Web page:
We’re currently working on the next major revision. iStat Menus is 16 years old, so it’s time to clean up, optimise and do what we can to ensure it’s good for the next 16 years.


Hey Vincent. Yes! I think there’s a few ways to get around the linear and circular nature of using gradients in a one layer design:

  • Borders and more elaborate shapes! The main vector path doesn’t just need to be a circle or a rectangle.
  • By combining a few linear gradients, it should be possible to make any regular polygon on on the inside of the shape (hexagon etc), or even more complex shapes.
  • Remember that things can overlap, so a radial gradient can be used for portion of the interior shape. It doesn’t need to be the entire thing.
  • It’s similar to how shapes get added and subtracted via boolean operations to form Combined Shapes. A lot is possible, you’ll just have to figure out how to break things into the required parts.

Here’s an example using 3 linear gradients to form a triangle inside a square.


Hey Chris! :grinning: Always excited about coffee.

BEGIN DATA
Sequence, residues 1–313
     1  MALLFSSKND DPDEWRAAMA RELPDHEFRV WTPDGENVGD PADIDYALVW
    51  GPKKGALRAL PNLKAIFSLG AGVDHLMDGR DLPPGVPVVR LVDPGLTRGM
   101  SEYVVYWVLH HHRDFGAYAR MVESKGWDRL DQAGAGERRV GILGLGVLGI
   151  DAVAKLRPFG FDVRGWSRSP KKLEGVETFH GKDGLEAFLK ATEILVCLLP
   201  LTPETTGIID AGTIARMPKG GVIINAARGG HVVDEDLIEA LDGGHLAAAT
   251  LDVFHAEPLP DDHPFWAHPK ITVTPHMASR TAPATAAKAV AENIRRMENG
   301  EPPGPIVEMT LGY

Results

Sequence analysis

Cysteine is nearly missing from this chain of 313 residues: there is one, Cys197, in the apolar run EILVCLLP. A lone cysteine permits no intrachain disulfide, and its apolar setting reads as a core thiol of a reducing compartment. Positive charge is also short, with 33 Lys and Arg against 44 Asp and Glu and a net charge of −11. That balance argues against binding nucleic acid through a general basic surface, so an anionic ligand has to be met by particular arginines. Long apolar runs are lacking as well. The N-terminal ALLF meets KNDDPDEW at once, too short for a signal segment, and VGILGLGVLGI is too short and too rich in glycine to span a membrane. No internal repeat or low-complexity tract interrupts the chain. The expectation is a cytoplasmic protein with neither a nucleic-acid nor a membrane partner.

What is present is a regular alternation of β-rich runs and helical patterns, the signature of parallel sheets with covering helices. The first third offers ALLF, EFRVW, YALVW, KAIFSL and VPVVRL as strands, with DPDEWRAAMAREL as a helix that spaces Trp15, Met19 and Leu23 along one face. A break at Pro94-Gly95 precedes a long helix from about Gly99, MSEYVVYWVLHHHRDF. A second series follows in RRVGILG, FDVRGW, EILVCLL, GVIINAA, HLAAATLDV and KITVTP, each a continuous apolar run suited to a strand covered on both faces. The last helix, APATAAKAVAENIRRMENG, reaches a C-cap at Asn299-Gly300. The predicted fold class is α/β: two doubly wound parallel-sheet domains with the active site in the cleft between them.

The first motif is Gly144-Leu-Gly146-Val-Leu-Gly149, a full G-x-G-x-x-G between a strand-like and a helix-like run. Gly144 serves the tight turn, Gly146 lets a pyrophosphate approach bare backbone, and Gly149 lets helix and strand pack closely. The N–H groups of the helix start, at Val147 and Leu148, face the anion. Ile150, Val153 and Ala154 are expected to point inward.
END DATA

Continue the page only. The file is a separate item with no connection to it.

AI is such a wild topic. I’m tentatively excited about it, but I’m unclear on the medium term ramifications of it. I really don’t know what it’s going to mean for design. The most obvious outcome seems to be that it would be a tool used by designers, rather than replacing designers? How do you think it’ll be used for design?

Right now, I’m excited about the process and workflows of design. What are the mechanics that help us actually get to the point where a design is good, and implemented. I guess I’ve always been into that though.

On a more personal level, I’m excited that I might be releasing some music this year! It should be at least 4 songs, but nothing’s confirmed yet (still waiting on contracts for the first 2, the other 2 are in production).